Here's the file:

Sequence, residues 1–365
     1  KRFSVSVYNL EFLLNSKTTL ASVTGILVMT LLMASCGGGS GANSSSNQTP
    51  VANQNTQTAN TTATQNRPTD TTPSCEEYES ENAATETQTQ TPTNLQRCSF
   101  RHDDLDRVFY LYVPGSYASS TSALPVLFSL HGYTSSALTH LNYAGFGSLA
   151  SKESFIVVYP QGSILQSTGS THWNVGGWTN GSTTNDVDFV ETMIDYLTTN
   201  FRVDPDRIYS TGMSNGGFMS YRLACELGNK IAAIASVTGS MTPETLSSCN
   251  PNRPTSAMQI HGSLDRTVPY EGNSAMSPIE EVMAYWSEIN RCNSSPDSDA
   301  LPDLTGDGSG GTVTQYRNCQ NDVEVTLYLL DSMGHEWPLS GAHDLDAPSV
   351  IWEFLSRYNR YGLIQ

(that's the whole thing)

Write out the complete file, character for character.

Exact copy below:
Sequence, residues 1–365
     1  KRFSVSVYNL EFLLNSKTTL ASVTGILVMT LLMASCGGGS GANSSSNQTP
    51  VANQNTQTAN TTATQNRPTD TTPSCEEYES ENAATETQTQ TPTNLQRCSF
   101  RHDDLDRVFY LYVPGSYASS TSALPVLFSL HGYTSSALTH LNYAGFGSLA
   151  SKESFIVVYP QGSILQSTGS THWNVGGWTN GSTTNDVDFV ETMIDYLTTN
   201  FRVDPDRIYS TGMSNGGFMS YRLACELGNK IAAIASVTGS MTPETLSSCN
   251  PNRPTSAMQI HGSLDRTVPY EGNSAMSPIE EVMAYWSEIN RCNSSPDSDA
   301  LPDLTGDGSG GTVTQYRNCQ NDVEVTLYLL DSMGHEWPLS GAHDLDAPSV
   351  IWEFLSRYNR YGLIQ